Soto is a two-time All-Star who is controlled through the 2025 season.  There is plenty of volatility in Soto’s game, as he has an ungainly 13.1% walk rate over his career, and his hard-contact and strikeout numbers also dipped considerably from 2021 to 2022.  However, while the Tigers utilized Soto as their closer, the Phillies might use Soto only as one high-leverage option among many.  For now, manager Rob Thomson said his team will take a committee approach to the ninth inning, with newcomers Soto, Craig Kimbrel, and Matt Strahm vying for save chances alongside incumbents Seranthony Dominguez and Jose Alvarado.

Though the relief corps stayed steady for much of the postseason run, Philadelphia’s bullpen has long been a source of inconsistency, and more reinforcement was needed this winter since David Robertson, Brad Hand, and the injured Corey Knebel were all headed into free agency.  (Sam Coonrod was also designated for assignment and then claimed off waivers by the Mets.)  Dombrowski’s response was to make a plethora of lower-level waiver claims and minor league signings of relief options, and that depth was augmented by the higher-profile additions of Soto, Kimbrel, and Strahm.

Investing $25MM of free agent dollars into Kimbrel and Strahm won’t break the bank for a free-spending team like Philadelphia.  However, both pitchers carry their share of question marks, since Kimbrel lost the closer’s job in Los Angeles last season and the Dodgers didn’t even include the veteran righty on their roster for the NLDS.  Strahm has been solid enough throughout his seven MLB seasons that the Phillies were comfortable in betting on his ceiling, yet there was some sense that the Phils overpaid for his services.  (As per The Athletic’s Ken Rosenthal, the Strahm contract ended up creating a bit of a stalemate amongst other free agent southpaw relievers, who felt they should be matching or exceeding Strahm in total salary or average annual value.)

Some free-agent vacancies also needed to be filled in the rotation, as Zach Eflin, Kyle Gibson, and Noah Syndergaard all hit the open market and signed with other clubs.  Prior to the Turner signing, there was some speculation that Philadelphia might target an available starter like Justin Verlander or Carlos Rodon as a big free-agent splash, though the team ended up aiming to a slightly lower tier by showing interest in Jameson Taillon and Taijuan Walker.  With both pitchers reportedly receiving similar offers from the Phils, Walker took the deal, giving Philadelphia a solid No. 3 starter behind aces Zack Wheeler and Aaron Nola.

Walker bounced back from several injury-plagued seasons to become a valuable member of the Mets’ rotation, posting a 3.98 ERA over 316 1/3 innings with New York in 2021-22.  The $72MM contract exceeded projections of what Walker might land on the open market, yet that price reflected the elevated cost of pitching this winter, and again underlined how the Phillies are willing to pay top dollar if they like a player.  Since the Phils didn’t want to sign another player who rejected a qualifying offer, the fact that Walker and Taillon didn’t have QOs attached to their services also likely helped their markets.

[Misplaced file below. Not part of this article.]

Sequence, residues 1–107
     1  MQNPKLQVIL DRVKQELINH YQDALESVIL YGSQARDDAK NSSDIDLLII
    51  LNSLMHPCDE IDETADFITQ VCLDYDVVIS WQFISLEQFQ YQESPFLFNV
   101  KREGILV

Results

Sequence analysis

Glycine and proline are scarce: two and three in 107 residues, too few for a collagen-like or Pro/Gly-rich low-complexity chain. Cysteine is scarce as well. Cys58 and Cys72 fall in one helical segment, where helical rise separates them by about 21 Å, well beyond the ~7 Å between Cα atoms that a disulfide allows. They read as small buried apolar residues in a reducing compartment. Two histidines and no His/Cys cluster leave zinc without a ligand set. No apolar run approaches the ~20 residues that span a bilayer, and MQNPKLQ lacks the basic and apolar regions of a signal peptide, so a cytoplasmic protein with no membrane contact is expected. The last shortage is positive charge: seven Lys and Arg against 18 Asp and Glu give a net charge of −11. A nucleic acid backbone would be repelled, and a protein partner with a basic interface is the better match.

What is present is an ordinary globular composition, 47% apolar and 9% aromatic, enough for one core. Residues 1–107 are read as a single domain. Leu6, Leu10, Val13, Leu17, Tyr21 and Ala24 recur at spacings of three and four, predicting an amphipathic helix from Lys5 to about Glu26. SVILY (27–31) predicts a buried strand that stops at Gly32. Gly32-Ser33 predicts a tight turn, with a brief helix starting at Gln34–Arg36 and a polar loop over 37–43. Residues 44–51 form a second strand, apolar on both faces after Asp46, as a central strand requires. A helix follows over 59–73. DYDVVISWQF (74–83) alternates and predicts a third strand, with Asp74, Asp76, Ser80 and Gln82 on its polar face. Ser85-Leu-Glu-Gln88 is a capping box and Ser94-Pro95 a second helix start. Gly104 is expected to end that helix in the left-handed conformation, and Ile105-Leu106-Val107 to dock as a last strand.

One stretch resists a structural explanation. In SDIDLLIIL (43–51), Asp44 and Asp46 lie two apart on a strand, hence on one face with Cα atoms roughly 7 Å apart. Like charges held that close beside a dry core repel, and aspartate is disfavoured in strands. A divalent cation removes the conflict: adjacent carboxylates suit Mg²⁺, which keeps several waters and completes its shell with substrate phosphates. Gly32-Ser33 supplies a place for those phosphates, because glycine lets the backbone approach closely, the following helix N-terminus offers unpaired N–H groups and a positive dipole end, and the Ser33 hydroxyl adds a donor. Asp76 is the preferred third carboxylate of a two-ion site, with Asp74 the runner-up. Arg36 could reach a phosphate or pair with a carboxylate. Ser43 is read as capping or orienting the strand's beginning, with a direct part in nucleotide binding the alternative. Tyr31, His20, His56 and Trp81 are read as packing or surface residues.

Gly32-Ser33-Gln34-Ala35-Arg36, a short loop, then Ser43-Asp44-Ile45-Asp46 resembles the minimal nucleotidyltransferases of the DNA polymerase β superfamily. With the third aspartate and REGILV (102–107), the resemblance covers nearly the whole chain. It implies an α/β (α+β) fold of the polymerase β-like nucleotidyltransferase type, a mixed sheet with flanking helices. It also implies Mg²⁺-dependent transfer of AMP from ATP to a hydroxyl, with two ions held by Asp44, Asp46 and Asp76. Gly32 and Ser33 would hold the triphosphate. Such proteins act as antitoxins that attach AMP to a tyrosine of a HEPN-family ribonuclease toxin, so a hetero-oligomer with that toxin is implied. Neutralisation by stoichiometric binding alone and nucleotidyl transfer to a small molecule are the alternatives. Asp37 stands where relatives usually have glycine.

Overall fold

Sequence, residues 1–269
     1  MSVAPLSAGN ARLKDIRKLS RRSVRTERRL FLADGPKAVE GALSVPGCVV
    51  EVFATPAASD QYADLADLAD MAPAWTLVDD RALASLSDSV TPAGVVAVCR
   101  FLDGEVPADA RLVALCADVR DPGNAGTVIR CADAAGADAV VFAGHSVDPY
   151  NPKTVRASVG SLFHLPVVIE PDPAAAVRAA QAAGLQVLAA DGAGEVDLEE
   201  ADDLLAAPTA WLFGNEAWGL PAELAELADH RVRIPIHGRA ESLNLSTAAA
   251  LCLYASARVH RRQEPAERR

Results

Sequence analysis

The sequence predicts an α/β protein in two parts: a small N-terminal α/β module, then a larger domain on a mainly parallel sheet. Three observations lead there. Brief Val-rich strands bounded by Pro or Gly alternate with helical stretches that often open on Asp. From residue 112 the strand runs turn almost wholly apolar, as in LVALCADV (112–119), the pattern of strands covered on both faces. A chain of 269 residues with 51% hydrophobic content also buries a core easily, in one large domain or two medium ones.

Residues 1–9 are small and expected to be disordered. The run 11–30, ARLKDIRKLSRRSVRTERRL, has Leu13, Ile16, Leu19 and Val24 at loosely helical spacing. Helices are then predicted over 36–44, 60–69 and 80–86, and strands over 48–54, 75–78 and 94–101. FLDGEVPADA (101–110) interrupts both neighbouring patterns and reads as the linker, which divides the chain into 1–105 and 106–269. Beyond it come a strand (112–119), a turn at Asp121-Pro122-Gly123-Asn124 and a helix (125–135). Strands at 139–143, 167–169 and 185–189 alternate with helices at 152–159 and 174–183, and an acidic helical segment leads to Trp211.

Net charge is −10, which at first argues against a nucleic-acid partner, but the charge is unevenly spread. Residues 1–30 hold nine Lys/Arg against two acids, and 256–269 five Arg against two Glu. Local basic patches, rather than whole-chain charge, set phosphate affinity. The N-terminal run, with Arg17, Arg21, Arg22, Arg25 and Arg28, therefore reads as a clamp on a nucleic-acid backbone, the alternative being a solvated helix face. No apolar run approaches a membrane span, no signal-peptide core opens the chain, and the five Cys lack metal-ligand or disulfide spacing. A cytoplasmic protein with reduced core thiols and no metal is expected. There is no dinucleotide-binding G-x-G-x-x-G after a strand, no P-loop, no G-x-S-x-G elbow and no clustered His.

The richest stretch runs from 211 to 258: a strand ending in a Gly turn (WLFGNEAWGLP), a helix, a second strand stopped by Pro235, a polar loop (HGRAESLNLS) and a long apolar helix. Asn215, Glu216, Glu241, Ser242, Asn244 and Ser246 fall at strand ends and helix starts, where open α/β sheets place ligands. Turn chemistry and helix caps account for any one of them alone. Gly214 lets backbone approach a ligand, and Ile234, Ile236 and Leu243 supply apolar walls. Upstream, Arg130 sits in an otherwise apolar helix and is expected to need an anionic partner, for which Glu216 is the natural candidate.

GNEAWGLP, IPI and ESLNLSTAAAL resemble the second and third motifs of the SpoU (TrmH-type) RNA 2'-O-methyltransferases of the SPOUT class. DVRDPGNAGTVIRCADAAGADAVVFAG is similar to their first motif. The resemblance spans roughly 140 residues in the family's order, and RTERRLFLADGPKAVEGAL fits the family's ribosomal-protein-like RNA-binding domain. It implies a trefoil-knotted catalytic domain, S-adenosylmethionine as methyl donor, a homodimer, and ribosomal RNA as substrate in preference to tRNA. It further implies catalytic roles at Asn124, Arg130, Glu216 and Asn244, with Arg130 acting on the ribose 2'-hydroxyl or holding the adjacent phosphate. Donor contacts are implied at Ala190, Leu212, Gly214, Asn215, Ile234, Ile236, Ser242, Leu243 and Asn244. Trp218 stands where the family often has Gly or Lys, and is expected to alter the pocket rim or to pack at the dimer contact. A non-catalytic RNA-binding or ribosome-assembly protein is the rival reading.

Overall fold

Walker’s deal has already grown in importance given that the Phillies have run into some injury concerns in Spring Training.  Ranger Suarez is dealing with some forearm tightness that isn’t thought to be too serious, but creates fresh doubt over Suarez’s readiness for the Opening Day roster.  Depth starters Cristopher Sanchez and Nick Nelson have also been shut down with injuries, and in perhaps the most concerning development, star prospect Andrew Painter has been sidelined with a right UCL sprain.  It will be close to four weeks before the highly-touted young righty will start lightly throwing, so between that timeline and Painter’s lack of Triple-A experience, his anticipated MLB debut might now be held off until closer to midseason at best.

Having Nola, Wheeler, and Walker atop a rotation is a pretty nice stopgap against depth questions, and the Phillies have another interesting young arm in Bailey Falter now set for at least a fifth starter role.  Michael Plassmeyer probably leads the pack of potential starting candidates if the Phillies do need a replacement for Suarez, as it seems unlikely that the Phils would make a bold promotion of Mick Abel by jumping the top prospect from Double-A to the big leagues.

In bigger-picture rotation news, it seems possible that Nola and the Phillies might yet agree to a contract extension, as the two sides were exchanging figures last month.  Nola is scheduled for free agency after the 2023 season, so locking up the righty early would establish Nola, Walker, Suarez, and the younger Falter/Painter/Abel trio as the future of the Phiadelphia pitching staff (and give the team some leverage in deciding what to do when Wheeler’s contract is up after the 2024 campaign).  The Phillies have already been busy on the extension front in committing to Dominguez and Alvarado on multi-year deals, though naturally a Nola contract will be significantly more expensive.

For all of Philadelphia’s roster moves this offseason, an argument can be made that the club spent quite a bit just to fill holes and maintain their level of productivity from 2022.  As noted, this new version of the Phillies won’t be entirely complete until Harper is healthy and joining his old friend Turner in the lineup, so treading water in the competitive NL East is a justifiable strategy until the Phillies have a better sense of what they’ll be getting from Harper.  Plus, while no trade deadline acquisition would be as beneficial as a healthy Bryce Harper, it is safe to assume that Dombrowski is prepared to be again be aggressive at the deadline.